Preconceived Notions: Cancer, Fertility Coverage and the Law
A CANCER DIAGNOSIS may spur a person to think first about mortality, and only later to consider maintaining their fertility. But anyone with cancer who wants to have children now or in the future should raise the subject with an oncologist, because side effects of some cancer treatments and medical procedures could cause infertility. It is a good idea for a person with cancer to ask their oncologist whether their cancer treatment will cause infertility, and whether it is a good idea to preserve fertility prior to beginning treatment. For people who want to have children, it’s important to know whether your health insurance covers fertility preservation and infertility treatment and, if so, how to optimize that coverage.
Federal law does not require health insurance companies to cover treatments related to fertility. The Patient Protection and Affordable Care Act (ACA), a federal law passed in 2010 and implemented in 2014, does not mandate coverage of fertility preservation and infertility treatment. That’s because the ACA, often referred to as “Obamacare,” does not consider this type of health care to be one of the essential health benefits for which coverage is mandated. But the ACA instituted changes to previous law that can help people who need these treatments.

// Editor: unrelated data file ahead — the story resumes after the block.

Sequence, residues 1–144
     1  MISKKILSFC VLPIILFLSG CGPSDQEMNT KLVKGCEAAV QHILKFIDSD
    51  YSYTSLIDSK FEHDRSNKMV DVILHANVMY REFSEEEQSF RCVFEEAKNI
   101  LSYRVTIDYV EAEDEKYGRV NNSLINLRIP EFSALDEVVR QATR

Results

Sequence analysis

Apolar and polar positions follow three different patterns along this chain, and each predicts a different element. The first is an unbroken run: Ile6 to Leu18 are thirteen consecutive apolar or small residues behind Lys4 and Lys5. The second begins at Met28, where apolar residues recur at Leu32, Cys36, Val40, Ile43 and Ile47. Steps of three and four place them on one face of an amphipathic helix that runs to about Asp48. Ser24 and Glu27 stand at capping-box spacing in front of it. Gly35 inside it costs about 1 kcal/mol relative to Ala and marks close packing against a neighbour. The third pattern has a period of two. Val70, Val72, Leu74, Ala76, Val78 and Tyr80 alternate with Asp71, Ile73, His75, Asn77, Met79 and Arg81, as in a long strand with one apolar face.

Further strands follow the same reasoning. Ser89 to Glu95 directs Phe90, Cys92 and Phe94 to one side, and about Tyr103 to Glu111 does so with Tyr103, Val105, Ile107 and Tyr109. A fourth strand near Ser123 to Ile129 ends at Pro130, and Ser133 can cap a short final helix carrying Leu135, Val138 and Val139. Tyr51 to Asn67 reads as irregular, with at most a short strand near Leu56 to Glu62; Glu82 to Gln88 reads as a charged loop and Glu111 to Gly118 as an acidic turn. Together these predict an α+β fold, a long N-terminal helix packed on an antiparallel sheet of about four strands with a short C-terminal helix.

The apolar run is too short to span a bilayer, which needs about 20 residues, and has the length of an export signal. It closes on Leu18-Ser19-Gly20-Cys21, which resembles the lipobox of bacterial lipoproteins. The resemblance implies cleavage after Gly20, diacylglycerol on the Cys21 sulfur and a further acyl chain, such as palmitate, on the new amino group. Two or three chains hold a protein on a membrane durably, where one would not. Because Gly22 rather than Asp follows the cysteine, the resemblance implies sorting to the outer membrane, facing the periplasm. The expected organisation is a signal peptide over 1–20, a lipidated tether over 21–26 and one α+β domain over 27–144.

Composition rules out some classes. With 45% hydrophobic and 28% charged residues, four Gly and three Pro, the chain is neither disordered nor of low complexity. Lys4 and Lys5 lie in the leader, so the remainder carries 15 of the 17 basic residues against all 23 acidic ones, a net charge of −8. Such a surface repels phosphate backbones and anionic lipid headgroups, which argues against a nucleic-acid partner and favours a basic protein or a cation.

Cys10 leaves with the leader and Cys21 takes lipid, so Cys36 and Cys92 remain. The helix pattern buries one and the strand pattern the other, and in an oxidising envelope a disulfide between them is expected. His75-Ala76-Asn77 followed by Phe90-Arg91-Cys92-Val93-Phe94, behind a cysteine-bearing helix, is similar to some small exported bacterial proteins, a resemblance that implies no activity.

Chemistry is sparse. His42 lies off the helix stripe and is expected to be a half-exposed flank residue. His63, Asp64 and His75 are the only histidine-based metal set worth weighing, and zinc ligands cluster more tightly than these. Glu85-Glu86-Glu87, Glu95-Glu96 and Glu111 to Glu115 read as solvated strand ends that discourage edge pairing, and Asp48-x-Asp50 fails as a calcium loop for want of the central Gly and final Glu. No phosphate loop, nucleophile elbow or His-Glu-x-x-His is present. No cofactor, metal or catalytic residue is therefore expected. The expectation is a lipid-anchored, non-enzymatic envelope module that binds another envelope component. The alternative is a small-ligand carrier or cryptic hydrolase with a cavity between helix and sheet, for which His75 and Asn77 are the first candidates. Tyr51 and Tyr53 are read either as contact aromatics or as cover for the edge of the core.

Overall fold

The ACA prevents insurers from setting higher insurance rates for women and also blocks insurance companies from discriminating against people with preexisting conditions. Before the ACA, women had been denied insurance coverage for infertility treatment because their condition was considered to be a preexisting condition. In addition, the ACA eliminated lifetime caps on insurance coverage. This is critical for people facing infertility because of the extremely high costs associated with treatment.
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